Stock prices in emerging nations have remained flat through 2021, in contrast to soaring markets in the developed world, which have added about 20 percent in value, U.S. finance company MSCI reported. (See “Emerging Nations’ Recovery Lagging,” 13 Apr 2021).
The performance gap between equity markets of developed and emerging countries is the widest since 2013, the company said.
Markets in developing countries could fare worse now that the U.S. Federal Reserve will wind down its bond-buying program, analysts have predicted, based on recent history.
In 2013, the Fed began to withdraw its financial support for the U.S. economy recovering from the Great Recession.
As a result, U.S. bond yields rose, sparking a sharp sell-off in bonds of emerging markets as investors retreated to the safety and rising returns of U.S. securities.
“We are heading into a scenario of slowing global growth and rising inflation with central banks being forced to act,” Minna Kuusisto, head of global research at Finland’s Danske Bank, told the Financial Times.
“That should be super negative for emerging markets in general,” she warned.
Also, China’s economy is slowing, shrinking what has been a key driver for growth in the developing world over the past two decades.
However, after panicking in March 2020 and yanking $90 billion out of emerging markets, investors have put money back in during all but one of the past 19 months, the FT noted, with $790 billion returning, including $25 billion last month alone.
One reason: developing countries took advantage of the COVID War’s low interest rates to issue new bonds. However, those bonds still paid higher interest rates than those investors could find elsewhere.
Although rising inflation has pushed yields up, it also has held bond prices down and given issuing countries less revenue than hoped.
Bond prices fall as yields rise.
To rein back inflation, many emerging nations, including Brazil, Pakistan, and Russia, already have raised interest rates recently.
Those higher rates will hobble economic growth, particularly in countries already hit hardest by rising energy prices, including Egypt, India, and Turkey, according to Kuusisto, although Asia and Latin America also are in the crosshairs.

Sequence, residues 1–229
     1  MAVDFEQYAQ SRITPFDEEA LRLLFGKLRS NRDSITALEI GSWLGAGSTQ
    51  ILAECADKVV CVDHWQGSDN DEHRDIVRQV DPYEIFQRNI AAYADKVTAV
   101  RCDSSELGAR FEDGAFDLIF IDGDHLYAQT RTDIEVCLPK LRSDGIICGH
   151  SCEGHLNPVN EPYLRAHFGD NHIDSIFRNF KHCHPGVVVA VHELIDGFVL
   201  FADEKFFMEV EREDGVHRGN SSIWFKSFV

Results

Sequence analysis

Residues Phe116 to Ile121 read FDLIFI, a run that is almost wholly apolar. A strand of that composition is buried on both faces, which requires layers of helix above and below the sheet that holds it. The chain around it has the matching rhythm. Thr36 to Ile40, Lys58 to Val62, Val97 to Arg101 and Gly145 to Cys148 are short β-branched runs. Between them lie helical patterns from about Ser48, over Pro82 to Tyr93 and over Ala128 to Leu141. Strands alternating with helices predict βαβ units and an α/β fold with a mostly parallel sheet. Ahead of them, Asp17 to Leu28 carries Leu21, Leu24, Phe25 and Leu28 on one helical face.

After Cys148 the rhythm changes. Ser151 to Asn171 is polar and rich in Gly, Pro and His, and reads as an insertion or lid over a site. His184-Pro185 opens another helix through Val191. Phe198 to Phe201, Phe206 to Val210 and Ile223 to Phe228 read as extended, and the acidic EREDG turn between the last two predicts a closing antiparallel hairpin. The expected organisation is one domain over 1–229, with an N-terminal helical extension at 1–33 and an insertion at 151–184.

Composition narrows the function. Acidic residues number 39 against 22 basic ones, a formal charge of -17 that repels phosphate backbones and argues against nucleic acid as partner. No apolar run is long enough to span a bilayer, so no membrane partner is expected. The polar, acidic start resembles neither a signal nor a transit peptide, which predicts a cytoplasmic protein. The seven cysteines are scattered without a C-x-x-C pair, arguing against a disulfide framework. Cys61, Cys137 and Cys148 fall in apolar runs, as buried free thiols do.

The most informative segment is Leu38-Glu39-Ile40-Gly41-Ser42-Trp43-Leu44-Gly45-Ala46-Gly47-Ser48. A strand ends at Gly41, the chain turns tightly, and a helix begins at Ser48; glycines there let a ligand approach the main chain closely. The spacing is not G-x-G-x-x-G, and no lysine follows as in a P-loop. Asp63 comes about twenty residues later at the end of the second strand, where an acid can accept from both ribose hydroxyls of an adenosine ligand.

“Markets are focusing on inflation but not on growth stagnating,” she said to the FT. “I’m not sure they have really paid attention [to rising energy prices] and the implications for emerging markets.”
TREND FORECAST: Many developing countries were deep in debt before the COVID crisis and, seduced by suddenly lower interest rates, borrowed even more to survive 2020.
With prices and interest rates rising and China’s economy slowing, emerging nations are moving steadily toward a new debt crisis and will appeal to the International Monetary Fund and World Bank for bailouts.
However, new rounds of rescue funding will be harder to come by.
Developed nations fund the loans and grants these global aid agencies make. With Europe and the U.S. buried under their own COVID-related debt, there will be less money to funnel to poor countries. Thus, the risk of these nations defaulting on billions of dollars in loans is real and not far off.
TREND FORECAST: As we have long forecast and detailed, as emerging market economies submerge, there will be increasing demonstrations as people take to the streets to protest lack of basic living standards, government corruption, crime and violence.
And for example, as we are forecasting with our coverage of the Ethiopian civil war and unrest in other areas of Africa in this and previous Trends Journals, these events will in turn escalate refugees seeking safe-haven nations. And in those nations where they seek refuge, there will be growing anti-immigration/anti-establishment populist movements to stop the refugees from entering their nations.